• Vol. 08
  • Chapter 10

Earl Grey with two sugars (circa 2005)

All it used to take to imagine the woman you'd become was a coffee shop window to let your eyes wander out of, and a hot mug to hold in your long-sleeved hands.

You'd colour your hair at home. You'd wear stripes, pointed boots, things you never knew would agree with you. You'd hop on a train to somewhere four, five hours away, to meet someone you'd felt ready for before you even had a chance to learn what ready truly meant. They would meet you on the platform, take your suitcase from your hands, walk you to a home you'd only ever seen in pictures. You'd marvel at how easily your jagged edges fit together, and live in awe of each other, never quite believing your luck.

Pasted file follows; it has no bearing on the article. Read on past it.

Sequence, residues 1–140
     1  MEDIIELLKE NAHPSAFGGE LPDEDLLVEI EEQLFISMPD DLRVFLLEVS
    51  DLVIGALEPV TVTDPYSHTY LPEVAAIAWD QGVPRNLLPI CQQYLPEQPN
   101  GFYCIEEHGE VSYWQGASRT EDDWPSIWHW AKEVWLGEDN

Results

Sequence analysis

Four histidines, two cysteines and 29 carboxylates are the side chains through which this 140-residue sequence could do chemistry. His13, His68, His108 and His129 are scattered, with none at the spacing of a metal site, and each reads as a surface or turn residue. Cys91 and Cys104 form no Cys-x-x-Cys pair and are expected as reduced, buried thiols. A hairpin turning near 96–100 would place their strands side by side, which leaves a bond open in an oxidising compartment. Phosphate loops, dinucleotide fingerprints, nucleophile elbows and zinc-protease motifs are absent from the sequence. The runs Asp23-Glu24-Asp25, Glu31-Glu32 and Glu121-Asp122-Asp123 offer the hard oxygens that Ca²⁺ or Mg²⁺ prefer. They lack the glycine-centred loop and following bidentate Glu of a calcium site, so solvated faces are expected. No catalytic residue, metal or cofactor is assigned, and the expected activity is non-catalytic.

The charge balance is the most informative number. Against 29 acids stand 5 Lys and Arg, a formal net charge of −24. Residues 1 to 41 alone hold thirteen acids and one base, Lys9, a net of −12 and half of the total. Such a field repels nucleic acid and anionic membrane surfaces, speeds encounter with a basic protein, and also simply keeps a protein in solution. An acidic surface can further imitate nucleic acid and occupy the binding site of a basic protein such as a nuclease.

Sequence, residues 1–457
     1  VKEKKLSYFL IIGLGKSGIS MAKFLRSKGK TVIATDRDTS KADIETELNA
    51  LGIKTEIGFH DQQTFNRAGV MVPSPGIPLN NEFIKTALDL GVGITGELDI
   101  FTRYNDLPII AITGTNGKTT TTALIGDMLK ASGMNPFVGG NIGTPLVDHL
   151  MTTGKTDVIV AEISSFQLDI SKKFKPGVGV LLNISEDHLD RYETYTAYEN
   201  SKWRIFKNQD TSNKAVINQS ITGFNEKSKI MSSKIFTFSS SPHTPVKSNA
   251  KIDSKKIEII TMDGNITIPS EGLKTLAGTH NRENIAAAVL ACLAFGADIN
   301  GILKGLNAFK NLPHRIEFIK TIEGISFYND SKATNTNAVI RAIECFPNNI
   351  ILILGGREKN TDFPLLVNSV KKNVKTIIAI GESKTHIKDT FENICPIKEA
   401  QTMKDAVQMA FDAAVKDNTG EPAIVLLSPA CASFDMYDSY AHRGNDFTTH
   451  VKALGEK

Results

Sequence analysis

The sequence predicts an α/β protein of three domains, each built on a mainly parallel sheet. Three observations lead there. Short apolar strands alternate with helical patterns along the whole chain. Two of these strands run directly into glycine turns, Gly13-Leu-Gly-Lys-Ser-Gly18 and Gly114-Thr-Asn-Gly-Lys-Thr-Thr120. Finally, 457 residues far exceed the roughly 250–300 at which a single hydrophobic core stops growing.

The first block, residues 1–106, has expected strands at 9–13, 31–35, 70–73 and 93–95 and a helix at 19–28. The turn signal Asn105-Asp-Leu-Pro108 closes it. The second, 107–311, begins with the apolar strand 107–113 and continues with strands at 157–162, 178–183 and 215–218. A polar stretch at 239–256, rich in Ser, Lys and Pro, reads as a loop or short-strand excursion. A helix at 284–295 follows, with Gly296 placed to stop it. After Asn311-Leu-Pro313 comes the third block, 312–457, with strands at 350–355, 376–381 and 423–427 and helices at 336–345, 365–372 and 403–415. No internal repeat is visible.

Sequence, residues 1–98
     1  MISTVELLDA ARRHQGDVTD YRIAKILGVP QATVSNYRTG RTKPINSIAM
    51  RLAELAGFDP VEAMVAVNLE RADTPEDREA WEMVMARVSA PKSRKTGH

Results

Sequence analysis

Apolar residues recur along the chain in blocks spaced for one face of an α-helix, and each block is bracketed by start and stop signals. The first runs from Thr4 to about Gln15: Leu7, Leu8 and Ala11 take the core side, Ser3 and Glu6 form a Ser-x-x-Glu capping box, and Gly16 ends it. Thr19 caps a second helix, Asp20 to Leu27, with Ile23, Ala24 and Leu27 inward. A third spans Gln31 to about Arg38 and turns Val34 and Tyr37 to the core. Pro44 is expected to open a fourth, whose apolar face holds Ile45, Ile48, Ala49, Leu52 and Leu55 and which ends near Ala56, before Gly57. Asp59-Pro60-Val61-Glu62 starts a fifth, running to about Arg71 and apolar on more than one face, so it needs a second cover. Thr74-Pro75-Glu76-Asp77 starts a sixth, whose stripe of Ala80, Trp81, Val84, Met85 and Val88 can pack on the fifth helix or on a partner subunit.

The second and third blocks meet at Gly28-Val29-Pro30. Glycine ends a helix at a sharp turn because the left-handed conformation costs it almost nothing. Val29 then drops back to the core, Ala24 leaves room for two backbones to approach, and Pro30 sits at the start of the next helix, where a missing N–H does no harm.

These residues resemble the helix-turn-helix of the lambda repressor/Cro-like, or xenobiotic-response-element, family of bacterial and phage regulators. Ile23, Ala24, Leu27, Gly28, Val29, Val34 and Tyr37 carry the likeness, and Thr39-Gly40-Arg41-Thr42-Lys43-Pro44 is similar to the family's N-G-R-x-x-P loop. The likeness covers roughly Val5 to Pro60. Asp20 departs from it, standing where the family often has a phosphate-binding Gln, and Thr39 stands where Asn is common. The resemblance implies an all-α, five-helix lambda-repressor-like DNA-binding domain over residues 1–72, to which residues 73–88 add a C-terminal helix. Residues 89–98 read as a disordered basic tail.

How old would that woman have been? Twenty-two, twenty-four. You're farther from that now than you were then. Your hair is still the same colour, a washed-out blond that doesn't shock like purple or green, that you kept to remind yourself how you've accepted not all things must change. In the morning, the face you stare at in the mirror looks nothing like the age progressions in your head, and yet there's no one you'd rather see.

You still look out of windows, but very quickly, scanning for plant pots knocked over by the wind, or signs that the grass needs cutting. You have your tea and coffee at home, where you can make them just the way you want. You still don't know why it takes so long for the steam from your cup to settle. You'd been taught to be impatient, thirsty, eager to drink, but when you look back at your best days, you see that for you it was always all about the wait.